Killer Clive Caldwell’s Spitfire over Darwin

“The Battle for the Skies of Darwin”
Artist: Jim Laurie and Gareth Hector

Group Captain Clive Robertson Caldwell, DSO, DFC (and Bar) (1911–1994)

Clive Caldwell

In late 1942 Caldwell returned to assist in the defence of Australia against the Japanese. He took command of No. 1 Fighter (Spitfire) Wing based at Darwin comprising RAF 54 Squadron and RAAF Squadrons 457 and 452. By August 1943 he had added eight Japanese aircraft to his score. In 1944 he led No. 80 Fighter Wing, and in early 1945 moved to Morotai.

Clive Caldwell with his Spitfire on Morotai in December 1944

Clive Caldwell was born in Sydney on 28 July 1911. He began his flying career in 1938 when he joined the Aero Club of New South Wales. Nevertheless, by the time the Second World War began he had logged only 11 hours of solo flying. He was 29 years old when he joined the Empire Air Training Scheme, completing the entire course in Australia and graduating as a pilot in January 1941.Caldwell was sent to the Middle East, posted to No. 250 Squadron, RAF. The squadron flew Tomahawks and in late June Caldwell scored his first victory, against a BF 109. After that his score rose quickly and he became known for practicing gunnery against the shadow of his own aircraft over the desert.

When his score had reached 18 enemy aircraft, Caldwell was transferred to No. 112 Squadron, RAF as commanding officer. By the time he joined them, the squadron was equipped with Kittyhawks; and not long after the squadron began to convert to a fighter-bomber role. But before the conversion was complete, Caldwell was on his way to Australia. With Japan having entered the war, experienced airmen were needed at home. Before he left, Caldwell – who had served with many Polish airmen in RAF squadrons – was awarded the Polish Cross of Valour.

Caldwell was made Wing Leader of No. 1 Fighter Wing, which comprised three Spitfire squadrons. There he emphasised the importance of gunnery. The wing flew operations over northern Australia and was involved in the defence of Darwin. By June 1942 he was a group captain in command of No. 1 Fighter Wing; in August, having raised his tally to 28.5, he was awarded the Distinguished Service Order and appointed Chief Flying Instructor at an operational training unit.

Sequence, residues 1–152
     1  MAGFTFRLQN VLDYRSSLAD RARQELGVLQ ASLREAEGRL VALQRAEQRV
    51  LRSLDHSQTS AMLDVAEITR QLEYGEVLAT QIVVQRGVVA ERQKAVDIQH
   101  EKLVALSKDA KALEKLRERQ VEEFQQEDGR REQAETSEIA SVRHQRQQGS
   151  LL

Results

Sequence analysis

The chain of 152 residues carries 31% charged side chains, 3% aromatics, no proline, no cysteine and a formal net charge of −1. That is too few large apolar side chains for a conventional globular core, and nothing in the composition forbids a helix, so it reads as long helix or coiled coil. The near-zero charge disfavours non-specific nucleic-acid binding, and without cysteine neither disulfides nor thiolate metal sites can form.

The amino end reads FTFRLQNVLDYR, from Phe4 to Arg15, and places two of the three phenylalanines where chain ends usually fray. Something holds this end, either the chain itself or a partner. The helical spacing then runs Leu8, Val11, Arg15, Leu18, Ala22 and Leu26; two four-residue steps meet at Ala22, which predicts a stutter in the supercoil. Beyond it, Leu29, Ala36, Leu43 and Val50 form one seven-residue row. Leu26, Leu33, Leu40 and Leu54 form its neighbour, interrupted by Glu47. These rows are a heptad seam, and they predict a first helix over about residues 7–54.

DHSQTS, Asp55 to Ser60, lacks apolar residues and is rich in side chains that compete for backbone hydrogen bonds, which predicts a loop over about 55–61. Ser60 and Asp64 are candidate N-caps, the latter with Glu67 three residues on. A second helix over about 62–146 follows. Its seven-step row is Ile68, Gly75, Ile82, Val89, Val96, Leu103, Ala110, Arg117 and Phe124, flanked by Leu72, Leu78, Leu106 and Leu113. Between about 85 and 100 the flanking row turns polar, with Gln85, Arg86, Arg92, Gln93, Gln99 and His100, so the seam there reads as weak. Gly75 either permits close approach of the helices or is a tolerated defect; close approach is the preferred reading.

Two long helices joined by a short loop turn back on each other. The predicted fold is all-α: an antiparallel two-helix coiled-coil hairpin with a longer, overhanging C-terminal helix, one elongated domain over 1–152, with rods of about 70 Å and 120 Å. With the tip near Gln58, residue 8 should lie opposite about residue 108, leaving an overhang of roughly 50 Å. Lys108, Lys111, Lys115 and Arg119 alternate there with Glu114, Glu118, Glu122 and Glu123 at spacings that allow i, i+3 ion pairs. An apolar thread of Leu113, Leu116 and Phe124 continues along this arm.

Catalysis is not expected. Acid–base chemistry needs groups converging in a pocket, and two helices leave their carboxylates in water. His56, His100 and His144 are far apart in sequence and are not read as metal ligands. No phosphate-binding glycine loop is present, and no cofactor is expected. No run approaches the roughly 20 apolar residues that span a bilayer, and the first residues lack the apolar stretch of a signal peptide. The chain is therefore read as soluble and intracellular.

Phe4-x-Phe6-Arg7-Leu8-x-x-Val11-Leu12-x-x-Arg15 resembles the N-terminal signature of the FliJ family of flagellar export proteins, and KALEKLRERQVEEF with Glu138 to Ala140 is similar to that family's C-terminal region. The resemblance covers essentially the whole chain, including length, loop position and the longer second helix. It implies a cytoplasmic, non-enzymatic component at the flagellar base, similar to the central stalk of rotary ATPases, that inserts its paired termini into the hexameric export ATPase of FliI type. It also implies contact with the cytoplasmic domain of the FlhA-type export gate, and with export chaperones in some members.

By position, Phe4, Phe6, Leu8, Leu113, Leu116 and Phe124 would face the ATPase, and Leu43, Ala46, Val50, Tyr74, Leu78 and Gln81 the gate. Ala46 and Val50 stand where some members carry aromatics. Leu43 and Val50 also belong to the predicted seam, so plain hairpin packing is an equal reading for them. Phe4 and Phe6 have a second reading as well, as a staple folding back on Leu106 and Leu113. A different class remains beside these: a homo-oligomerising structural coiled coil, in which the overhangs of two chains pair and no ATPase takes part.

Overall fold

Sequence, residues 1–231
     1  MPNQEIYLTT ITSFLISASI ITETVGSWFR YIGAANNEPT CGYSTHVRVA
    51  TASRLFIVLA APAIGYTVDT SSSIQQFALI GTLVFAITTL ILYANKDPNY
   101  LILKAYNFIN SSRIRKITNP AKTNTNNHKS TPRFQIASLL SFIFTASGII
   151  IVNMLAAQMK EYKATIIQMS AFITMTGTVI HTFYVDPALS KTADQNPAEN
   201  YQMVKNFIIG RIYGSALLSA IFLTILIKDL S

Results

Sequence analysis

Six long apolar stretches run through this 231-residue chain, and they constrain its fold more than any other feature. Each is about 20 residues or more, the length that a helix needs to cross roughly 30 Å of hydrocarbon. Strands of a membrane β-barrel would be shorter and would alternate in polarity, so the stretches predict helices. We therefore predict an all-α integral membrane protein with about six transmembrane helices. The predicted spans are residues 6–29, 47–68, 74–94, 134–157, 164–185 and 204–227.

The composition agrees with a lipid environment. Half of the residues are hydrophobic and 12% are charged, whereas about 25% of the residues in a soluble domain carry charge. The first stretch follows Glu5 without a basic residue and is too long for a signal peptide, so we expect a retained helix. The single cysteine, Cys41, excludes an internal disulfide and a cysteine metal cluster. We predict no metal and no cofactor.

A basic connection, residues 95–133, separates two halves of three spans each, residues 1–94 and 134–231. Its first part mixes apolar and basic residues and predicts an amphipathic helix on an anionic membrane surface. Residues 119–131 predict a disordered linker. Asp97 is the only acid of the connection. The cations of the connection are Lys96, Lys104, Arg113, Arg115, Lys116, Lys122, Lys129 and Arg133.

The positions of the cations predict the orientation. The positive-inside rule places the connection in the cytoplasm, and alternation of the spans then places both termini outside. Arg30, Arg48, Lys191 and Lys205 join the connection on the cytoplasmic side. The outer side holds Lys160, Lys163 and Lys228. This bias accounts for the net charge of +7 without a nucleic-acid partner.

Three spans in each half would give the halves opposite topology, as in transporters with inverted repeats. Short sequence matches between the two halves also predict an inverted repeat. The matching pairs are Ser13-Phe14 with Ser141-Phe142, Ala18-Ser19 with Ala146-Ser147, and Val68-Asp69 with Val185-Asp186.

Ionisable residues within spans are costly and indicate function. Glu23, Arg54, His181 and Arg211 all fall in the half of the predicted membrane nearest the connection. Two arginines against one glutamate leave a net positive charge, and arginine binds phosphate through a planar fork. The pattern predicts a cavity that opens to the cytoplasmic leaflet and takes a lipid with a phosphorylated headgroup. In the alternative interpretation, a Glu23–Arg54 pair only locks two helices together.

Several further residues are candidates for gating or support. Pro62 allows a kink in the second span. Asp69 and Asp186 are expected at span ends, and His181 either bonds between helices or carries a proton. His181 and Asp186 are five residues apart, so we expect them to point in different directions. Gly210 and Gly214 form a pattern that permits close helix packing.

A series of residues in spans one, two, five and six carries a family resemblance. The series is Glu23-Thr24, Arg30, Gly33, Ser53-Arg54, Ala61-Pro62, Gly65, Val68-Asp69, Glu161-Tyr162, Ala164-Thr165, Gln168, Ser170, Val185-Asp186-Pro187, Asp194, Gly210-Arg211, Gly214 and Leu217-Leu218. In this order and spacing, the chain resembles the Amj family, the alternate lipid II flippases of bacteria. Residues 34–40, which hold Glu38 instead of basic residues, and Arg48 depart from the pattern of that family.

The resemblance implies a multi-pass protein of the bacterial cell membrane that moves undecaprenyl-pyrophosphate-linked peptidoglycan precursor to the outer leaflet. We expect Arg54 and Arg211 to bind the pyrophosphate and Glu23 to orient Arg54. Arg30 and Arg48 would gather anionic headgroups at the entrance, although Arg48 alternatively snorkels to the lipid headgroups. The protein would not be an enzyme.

In May 1944 Caldwell returned to an operational posting, being appointed Wing Leader of No. 80 Fighter Wing. The unit was based in Morotai but was employed in a ground-attack rather than a fighter role. For Caldwell and other fighter pilots, this meant the chance to increase his score had passed. By the end of 1944, having been left out of the main battle, RAAF pilots in the Pacific were aggrieved at having to fly dangerous – but in their eyes – unimportant operations against heavily defended ground targets. With nothing having been done to meet the pilots’ concerns, Caldwell and other senior officers resigned in protest. An investigation resulted in two senior officers being relieved of their appointments. Caldwell and the other officers that had resigned were cleared and each was reinstated.

After the war Caldwell went into business. His effectiveness as a fighter pilot had earned him the nickname “Killer”. Though the name stuck, it brought him no pleasure. Caldwell was the highest scoring RAAF pilot of the Second World War. He died on 5 August 1994 and was cremated.

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